Drowned out, almost, by the roar of motorcycles

ROME – The pope made headlines throughout the world Sunday, June 16, when he welcomed and blessed the gifts of two Harley Davidson motorcycles given to him by a delegation of bikers. Once again, an event provided a lens to the world of marginal Catholics and non-Catholics that our new pope is not only a holy leader to millions who offers a worldwide welcome and the message of hope through Jesus Christ, but also that he, as a person, is a nice, approachable guy, and even, well … cool.
For those of us in Rome that week, we are thankful for those big honking Harleys and Hondas in the land of Vespas and Smart Cars, for their presence gave us many smiles while tooling around Vatican City.
But while the bikers made the headlines they were not the only story, or even the most important story, coming out of the Vatican at the time.
The photographs of motorcycles in St. Peter’s Square were taken following a Mass that was the culmination of a weekend dedicated to “Evangelium Vitae” (the “Gospel of Life”), a pilgrimage organized for the Year of Faith and named after the 1995 encyclical by Blessed John Paul II on the “value and inviolability of human life.”
In addition to greeting Harley Davidson enthusiasts that day, Pope Francis followed his usual practice of individually greeting a number of disabled persons among the congregation.
The pope offered many lessons in his homily on “Evangelium Vitae” Day, the overriding one being “The Lord is the Living One, he is merciful.” He roused the crowd to repeat this three times.
“Whenever we want to assert ourselves, when we become wrapped up in our own selfishness and put ourselves in the place of God, we end up spawning death…. Selfishness leads to lies, as we attempt to deceive ourselves and those around us,” the Holy Father said.
Pope Francis reminded us that living within God’s laws – the 10 Commandments – gives rise to freedom because you are saying “yes” to God who is “the Living One,” and a “yes” to God is a “yes” to love and to life. And because God is merciful, we always have the opportunity to say “yes.”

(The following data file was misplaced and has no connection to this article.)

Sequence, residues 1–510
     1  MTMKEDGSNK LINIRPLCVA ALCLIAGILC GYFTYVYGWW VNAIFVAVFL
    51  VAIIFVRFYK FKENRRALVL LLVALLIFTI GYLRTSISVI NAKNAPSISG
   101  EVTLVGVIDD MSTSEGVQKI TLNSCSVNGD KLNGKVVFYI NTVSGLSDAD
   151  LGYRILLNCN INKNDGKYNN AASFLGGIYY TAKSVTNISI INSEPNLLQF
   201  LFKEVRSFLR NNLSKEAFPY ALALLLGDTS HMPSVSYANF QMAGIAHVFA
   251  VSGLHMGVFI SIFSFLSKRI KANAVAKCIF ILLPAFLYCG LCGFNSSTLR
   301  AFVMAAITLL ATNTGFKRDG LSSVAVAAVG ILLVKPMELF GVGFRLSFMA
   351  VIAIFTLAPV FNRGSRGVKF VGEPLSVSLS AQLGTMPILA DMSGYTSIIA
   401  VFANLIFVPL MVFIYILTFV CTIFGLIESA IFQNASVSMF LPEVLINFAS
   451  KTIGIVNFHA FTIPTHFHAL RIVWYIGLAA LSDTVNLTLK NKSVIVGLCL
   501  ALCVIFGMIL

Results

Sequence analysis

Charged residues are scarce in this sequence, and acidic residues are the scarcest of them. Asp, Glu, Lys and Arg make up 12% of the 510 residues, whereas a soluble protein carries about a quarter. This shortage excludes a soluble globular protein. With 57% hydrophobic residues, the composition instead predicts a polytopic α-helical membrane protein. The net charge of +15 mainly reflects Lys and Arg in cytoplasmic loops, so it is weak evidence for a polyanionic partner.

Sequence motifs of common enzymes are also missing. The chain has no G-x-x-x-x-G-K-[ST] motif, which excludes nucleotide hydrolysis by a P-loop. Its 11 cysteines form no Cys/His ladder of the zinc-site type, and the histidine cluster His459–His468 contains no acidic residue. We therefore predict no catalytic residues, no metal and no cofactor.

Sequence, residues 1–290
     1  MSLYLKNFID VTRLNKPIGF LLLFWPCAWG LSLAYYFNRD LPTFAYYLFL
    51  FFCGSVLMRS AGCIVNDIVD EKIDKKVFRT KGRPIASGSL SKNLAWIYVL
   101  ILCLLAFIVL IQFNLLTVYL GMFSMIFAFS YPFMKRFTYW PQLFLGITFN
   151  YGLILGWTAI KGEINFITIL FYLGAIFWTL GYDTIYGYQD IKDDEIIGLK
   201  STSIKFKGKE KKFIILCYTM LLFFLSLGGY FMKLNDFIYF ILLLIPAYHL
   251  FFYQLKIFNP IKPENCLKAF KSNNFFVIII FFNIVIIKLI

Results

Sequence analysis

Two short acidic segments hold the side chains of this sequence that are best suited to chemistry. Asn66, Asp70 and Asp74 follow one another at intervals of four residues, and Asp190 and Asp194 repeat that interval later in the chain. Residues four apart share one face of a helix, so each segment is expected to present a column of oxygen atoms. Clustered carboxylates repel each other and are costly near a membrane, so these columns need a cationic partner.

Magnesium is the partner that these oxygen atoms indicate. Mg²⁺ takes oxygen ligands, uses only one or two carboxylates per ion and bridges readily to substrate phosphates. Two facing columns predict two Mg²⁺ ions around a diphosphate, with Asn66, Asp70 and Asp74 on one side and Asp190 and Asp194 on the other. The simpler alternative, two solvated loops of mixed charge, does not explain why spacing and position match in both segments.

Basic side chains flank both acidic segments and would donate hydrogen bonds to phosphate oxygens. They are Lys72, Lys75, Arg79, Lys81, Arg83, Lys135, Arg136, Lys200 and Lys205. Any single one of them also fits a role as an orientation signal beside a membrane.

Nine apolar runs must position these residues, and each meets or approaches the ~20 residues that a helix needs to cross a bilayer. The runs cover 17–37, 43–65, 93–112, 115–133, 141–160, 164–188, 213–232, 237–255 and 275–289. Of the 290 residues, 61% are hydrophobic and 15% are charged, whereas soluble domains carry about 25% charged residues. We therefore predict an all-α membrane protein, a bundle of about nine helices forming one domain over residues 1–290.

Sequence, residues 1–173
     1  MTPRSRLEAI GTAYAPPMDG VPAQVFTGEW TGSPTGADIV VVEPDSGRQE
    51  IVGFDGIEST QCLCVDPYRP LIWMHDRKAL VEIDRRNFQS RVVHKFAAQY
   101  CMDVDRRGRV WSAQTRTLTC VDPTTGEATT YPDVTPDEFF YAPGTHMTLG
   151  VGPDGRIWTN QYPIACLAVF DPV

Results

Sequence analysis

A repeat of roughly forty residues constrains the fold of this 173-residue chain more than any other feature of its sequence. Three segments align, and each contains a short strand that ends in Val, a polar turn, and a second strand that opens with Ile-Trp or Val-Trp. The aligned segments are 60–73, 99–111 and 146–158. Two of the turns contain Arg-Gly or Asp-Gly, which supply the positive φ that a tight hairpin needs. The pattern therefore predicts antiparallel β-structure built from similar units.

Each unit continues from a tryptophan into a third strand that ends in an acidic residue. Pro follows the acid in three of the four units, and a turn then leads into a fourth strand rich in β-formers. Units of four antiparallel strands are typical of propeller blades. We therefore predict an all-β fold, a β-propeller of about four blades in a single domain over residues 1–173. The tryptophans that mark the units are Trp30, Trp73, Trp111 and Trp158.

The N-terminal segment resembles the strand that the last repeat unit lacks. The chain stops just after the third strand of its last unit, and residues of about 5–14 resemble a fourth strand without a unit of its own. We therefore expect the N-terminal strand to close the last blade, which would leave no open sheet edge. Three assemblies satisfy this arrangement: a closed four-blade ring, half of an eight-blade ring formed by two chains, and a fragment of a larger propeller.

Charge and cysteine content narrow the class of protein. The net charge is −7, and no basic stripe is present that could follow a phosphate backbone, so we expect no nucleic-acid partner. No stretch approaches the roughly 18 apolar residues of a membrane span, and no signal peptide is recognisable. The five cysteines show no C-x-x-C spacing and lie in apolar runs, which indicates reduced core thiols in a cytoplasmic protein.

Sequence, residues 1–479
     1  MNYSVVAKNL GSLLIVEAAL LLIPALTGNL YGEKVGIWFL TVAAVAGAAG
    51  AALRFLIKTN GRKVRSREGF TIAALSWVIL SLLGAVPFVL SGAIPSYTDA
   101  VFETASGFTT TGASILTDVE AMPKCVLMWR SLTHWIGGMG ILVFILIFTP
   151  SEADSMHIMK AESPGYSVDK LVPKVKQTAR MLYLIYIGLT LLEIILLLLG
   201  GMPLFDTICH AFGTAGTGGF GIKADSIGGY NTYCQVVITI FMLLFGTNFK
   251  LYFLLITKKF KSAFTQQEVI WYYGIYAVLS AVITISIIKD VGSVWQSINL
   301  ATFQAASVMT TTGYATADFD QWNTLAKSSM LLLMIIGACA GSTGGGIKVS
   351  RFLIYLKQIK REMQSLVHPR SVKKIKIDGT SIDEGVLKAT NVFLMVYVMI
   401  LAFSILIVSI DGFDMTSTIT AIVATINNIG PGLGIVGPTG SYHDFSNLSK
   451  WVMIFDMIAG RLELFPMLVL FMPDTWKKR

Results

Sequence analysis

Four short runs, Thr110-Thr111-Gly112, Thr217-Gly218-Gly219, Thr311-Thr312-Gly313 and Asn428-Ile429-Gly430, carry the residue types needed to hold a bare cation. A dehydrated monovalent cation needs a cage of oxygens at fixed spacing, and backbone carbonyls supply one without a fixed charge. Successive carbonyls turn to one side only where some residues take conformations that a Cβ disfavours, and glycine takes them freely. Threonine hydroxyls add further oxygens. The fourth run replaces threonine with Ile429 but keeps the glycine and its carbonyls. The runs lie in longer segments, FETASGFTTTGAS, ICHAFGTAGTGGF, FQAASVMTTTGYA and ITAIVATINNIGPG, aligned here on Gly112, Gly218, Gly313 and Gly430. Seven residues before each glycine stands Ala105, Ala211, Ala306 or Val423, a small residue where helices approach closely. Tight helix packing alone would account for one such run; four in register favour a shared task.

The pope’s emphasis on joy and hope, and above all on the sanctity of life, seems especially important as the church in the United States observes the Fortnight for Freedom, an initiative aimed at protecting religious liberty from government infringement.
Chief among perceived threats to religious liberty in America is the U.S. Department of Health and Human Services’ mandate that most employers, including Catholic hospitals, schools and charities, provide insurance coverage for artificial contraception, sterilization and abortion-inducing drugs, which the church morally opposes.
On the day that the pope made time for both those who ride motorcycles and those who ride in wheelchairs, he said ideologies and practices that destroy human life arise from false ideas of freedom without God.
“Let us say ‘yes’ to love and not selfishness,” Pope Francis said. “Let us say ‘yes’ to life and not death. Let us say ‘yes’ to freedom and not enslavement to the many idols of our time.”
It is a message worth remembering, and praying that others will understand, as we observe the Fortnight for Freedom.

Mary McWilliams teaches at Atlantic Cape Community College.

The U.S. bishops’ second annual Fortnight for Freedom – a period of prayer and fasting to raise awareness of challenges to religious liberty, both nationally and internationally – began June 21 and ends July 4.

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